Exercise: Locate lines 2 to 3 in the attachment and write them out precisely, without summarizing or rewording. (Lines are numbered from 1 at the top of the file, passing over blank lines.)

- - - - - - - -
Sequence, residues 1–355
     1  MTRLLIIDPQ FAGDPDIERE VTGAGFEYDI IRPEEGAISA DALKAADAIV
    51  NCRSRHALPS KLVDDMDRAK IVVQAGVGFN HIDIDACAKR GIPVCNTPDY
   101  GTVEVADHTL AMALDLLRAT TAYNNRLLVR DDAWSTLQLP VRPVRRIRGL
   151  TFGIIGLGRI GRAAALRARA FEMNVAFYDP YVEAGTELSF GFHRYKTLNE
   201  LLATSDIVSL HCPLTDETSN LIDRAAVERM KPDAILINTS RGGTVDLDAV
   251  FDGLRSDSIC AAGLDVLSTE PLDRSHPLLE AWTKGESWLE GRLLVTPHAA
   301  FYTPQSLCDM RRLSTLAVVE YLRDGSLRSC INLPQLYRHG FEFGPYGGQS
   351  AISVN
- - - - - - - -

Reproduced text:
     1  MTRLLIIDPQ FAGDPDIERE VTGAGFEYDI IRPEEGAISA DALKAADAIV
    51  NCRSRHALPS KLVDDMDRAK IVVQAGVGFN HIDIDACAKR GIPVCNTPDY